James banks

The Mess and the Message

Darryl Strawberry was one of the best baseball players ever to play the game. 335 homeruns. Eight all-star games. Four World Series rings. But if you ask Strawberry about it, as the Washington Post did in an interview earlier this summer, he’ll tell you “I’m over Strawberry. I’m over Mets. I’m over Yankees. I don’t want to exist as Darryl Strawberry the baseball player… That person is dead.”

That person became addicted to alcohol, cocaine and eventually crack. It ruined his brilliant career, destroyed two marriages, devastated six children, and landed him $3 million in debt. He told the Washington Post, “I want to let go of that identity. It’s not who I am.” And then he told them…”I love the game, don’t get me wrong, but I love the Bible more. I want to help people save their lives, and have the responsibility of leading people into following Christ. It’s so hard to describe what that feels like, but I’ve never been happier in my life. It’s so much fun being a pastor.”

Strawberry has been a pastor for the past three years, part of an evangelical ministry leading people out of substance-abuse and helping them find Jesus. He sums it up this way: “Here I am, a baseball superstar, falling into the pits, having everybody write you off and then having God say, ‘I’m going to use your mess for a message.’ How beautiful is that?”

Gotta love that message. Paul wrote in 1 Corinthians 1:27 that “God chose things that are powerless to shame those who are powerful.” Human power prides itself. But God’s power humbles itself. Jesus came to us in absolute humility, out of love, and gave himself to die as a criminal for sins he never committed. He became the very lowest, so that he could lift us up at our absolute worst and save us from ourselves.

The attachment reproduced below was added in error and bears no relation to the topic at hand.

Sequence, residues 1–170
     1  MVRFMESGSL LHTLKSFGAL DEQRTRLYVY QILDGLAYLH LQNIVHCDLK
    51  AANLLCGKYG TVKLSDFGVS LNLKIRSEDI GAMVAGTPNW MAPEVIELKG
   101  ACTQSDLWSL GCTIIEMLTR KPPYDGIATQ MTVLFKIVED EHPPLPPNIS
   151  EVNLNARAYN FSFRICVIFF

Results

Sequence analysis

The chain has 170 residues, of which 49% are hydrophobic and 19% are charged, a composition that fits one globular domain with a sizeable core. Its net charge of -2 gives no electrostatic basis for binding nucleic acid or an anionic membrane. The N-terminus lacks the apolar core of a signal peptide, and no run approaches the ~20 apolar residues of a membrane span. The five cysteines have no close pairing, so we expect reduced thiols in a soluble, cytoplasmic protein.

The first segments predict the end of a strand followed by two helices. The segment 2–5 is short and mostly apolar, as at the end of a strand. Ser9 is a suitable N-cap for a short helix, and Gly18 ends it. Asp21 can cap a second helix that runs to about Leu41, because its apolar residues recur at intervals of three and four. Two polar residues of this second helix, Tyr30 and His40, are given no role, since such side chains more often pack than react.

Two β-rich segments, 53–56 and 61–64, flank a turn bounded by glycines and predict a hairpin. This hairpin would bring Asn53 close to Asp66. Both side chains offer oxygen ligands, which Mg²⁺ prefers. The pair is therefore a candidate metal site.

Dale Strawberry had what for us is the cultural ideal–the life of a professional athlete at the top of his game, with all the perks and accolades that come with it. And it destroyed him. But through Jesus he found every thing he needed, and he wouldn’t trade any of it. God turned his mess into a thing of beauty, using even his worst as a witness.

Our best message is found in our mess. One of the most powerful messages we have is to be up front about the mess we have been so we can show others what Jesus has done for us. People expect Christians to be judgmental, but when they meet someone who is truly humble about where he’s been (and where God is still working on us), they can’t help noticing. When we point to Jesus’ strength and where we would be without Him, people listen.

Listen to Strawberry again: “I’m over Strawberry. I’m over Mets. I’m over Yankees. I don’t want to exist as Darryl strawberry the baseball player… That person is dead.”

God give us all grace to die the same death. Paul’s words in Galatians 2:20 give us the goal: “I no longer live, but Christ lives in me. The life I live in the body, I live by faith in the Son of God, who loved me and gave himself for me.”

Now to live for Jesus.

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